.

**This style of bind expression is still allowed in Relational Forge, so if you prefer it, feel free to continue using it!**

### Relational-Forge Style Bind Expressions

From the relational perspective, a `<bounds-expr>`

is a union (`+`

) of products (`->`

) of object names (each prefixed by backquote), `sig`

names, and integers. Bounds expressions must be of appropriate arity for the sig or field name they are bounding.

```
A = `Alice+`Alex+`Adam
f = `Alice->`Alex +
`Adam->`Alex
g in `Alice->2
```

where `A`

is a sig, `f`

is a field of `A`

with value in `A`

, and `g`

is a field of `A`

with integer value. Note that integers should be used directly, without backquotes.

**Arity mismatches between the left and right-hand sides.** E.g., in a standard directed graph where `edges`

is a binary relation on `Node`

s:

```
edges in Node
```

would produce an error, even though the way you declare the field in Forge hides the extra column in the relation:

```
sig Node { edges: set Node }
```

**Leaving parent sigs unbounded.** Forge currently (January 2024) will not permit binding a child

`sig`

without first binding its parent `sig`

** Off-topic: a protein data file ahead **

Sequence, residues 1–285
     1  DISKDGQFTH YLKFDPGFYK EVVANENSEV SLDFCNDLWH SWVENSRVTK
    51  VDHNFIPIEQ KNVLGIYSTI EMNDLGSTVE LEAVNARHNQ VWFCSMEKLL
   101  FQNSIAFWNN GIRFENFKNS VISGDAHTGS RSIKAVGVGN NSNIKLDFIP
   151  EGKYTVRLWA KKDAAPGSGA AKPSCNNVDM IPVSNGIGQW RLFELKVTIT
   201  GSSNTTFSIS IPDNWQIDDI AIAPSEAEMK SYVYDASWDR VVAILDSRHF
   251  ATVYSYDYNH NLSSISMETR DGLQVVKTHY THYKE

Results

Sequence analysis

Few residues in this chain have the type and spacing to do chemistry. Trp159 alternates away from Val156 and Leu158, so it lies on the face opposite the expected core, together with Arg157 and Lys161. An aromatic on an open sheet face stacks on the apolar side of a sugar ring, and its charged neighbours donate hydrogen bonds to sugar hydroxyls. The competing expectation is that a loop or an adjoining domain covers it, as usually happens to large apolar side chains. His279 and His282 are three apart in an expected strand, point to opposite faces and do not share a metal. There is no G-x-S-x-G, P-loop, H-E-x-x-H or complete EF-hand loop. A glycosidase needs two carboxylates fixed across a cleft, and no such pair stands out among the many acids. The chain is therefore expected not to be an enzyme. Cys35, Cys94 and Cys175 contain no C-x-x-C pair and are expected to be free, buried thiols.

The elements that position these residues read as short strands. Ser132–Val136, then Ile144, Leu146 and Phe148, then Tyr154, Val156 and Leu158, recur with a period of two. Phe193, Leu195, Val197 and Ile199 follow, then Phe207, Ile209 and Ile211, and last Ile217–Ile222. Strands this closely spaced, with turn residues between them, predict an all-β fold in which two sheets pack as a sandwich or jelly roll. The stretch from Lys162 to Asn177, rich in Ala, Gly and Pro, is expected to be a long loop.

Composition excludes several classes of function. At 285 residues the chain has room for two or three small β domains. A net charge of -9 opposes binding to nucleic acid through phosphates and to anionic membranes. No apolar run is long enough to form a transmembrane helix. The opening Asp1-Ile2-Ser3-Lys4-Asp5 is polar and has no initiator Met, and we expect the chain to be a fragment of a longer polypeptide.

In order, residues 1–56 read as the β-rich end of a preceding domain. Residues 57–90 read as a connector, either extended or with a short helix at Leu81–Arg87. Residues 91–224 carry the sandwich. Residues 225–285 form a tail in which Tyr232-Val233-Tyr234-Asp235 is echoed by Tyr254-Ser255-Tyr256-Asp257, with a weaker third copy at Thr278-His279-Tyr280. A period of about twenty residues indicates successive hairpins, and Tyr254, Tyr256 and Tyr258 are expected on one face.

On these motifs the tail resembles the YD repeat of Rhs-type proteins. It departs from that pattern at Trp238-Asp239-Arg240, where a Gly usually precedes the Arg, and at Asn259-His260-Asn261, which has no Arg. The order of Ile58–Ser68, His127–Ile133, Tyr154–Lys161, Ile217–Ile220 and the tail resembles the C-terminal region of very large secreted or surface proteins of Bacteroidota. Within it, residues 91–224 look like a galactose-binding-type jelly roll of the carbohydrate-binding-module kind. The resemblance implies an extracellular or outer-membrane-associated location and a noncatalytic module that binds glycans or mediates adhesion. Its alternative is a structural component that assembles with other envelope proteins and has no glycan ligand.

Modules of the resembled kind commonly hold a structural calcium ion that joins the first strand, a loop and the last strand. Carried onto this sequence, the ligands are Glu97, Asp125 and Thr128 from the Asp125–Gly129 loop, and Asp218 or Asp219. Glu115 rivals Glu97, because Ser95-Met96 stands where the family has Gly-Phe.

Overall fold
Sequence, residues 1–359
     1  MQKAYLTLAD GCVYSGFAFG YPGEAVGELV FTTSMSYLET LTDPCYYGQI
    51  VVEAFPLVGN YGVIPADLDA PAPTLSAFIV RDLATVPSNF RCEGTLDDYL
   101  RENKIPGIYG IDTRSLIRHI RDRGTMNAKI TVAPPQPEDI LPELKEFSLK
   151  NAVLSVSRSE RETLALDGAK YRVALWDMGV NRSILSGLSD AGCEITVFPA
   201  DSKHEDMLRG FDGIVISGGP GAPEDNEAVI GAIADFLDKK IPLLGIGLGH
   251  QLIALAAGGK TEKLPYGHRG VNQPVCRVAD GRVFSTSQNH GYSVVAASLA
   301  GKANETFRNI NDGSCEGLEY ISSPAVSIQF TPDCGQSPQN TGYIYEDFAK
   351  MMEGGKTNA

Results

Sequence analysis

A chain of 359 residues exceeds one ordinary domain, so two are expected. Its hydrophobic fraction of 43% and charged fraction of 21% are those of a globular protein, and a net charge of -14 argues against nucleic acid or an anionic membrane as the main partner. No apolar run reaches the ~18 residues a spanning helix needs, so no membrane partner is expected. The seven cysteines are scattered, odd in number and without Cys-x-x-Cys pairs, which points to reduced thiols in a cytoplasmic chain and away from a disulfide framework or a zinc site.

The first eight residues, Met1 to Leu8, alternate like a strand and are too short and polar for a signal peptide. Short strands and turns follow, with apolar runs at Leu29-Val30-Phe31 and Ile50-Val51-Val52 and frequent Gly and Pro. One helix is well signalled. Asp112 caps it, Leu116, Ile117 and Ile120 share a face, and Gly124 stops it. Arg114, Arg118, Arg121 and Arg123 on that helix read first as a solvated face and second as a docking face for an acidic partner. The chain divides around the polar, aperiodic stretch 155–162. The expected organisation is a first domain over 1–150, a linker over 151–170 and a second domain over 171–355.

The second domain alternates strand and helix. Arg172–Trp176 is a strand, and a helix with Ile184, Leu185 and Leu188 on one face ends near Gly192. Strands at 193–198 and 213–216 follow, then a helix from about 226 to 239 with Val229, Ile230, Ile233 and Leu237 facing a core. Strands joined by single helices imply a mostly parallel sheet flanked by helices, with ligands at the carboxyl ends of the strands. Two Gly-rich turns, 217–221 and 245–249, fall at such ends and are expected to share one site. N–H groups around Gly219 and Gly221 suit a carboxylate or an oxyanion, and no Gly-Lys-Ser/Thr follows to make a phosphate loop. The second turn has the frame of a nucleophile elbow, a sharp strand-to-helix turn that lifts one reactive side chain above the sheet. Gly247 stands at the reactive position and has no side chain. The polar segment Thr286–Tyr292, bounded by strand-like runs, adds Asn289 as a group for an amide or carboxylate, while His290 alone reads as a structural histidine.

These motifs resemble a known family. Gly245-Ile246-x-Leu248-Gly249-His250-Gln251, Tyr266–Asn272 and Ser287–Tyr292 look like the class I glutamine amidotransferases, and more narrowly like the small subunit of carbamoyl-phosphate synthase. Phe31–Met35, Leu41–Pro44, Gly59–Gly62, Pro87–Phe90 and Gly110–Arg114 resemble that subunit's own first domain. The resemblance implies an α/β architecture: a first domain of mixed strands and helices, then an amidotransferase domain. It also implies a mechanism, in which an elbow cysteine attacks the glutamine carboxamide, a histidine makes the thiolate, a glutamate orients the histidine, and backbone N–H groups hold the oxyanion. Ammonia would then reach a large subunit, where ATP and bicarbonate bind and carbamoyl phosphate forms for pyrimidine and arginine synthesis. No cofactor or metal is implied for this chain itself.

. E.g., this results in an error if `Student`

is a child `sig`

of `Person`

:```
Student = `Student0 + `Student1
```

To fix the problem, just add the same kind of bound for `Person`

:

```
Student = `Student0 + `Student1
Person = Student + `Teacher0
```

`inst`

in Temporal Forge

Temporal Forge also supports `inst`

using the same syntax above.

If you use a partial instance with a Temporal Forge model, be aware that there's no way to bind sigs or fields *per state*. Each binding is applied globally, so they can be very useful for optimization, but don't try to write `example`

s with `inst`

in Temporal Forge---you have no recourse to temporal operators in binding expressions!

## Notes on Semantics

Bounds declarations are resolved *in order* before the problem is sent to the solver. The right-hand side of each declaration is evaluated given all preceding bounds declarations, which means that using `sig`

names on the right-hand side is allowed so long as those sigs are *exact bounded* by some preceding bounds declaration.

A bounds declaration cannot define bounds for a sig unless bounds for its ancestors are also defined. Bounds inconsistencies will produce an error message.

### Mixing Numeric Scope and `inst`

You can mix both styles; just give the set-based bounds after the numeric ones.

However, beware of inconsistencies! Numeric and `inst`

bounds are (as of January 2024) only reconciled right before the solver is invoked, so you might receive confusing error messages of "last resort" in case of inconsistency between the two.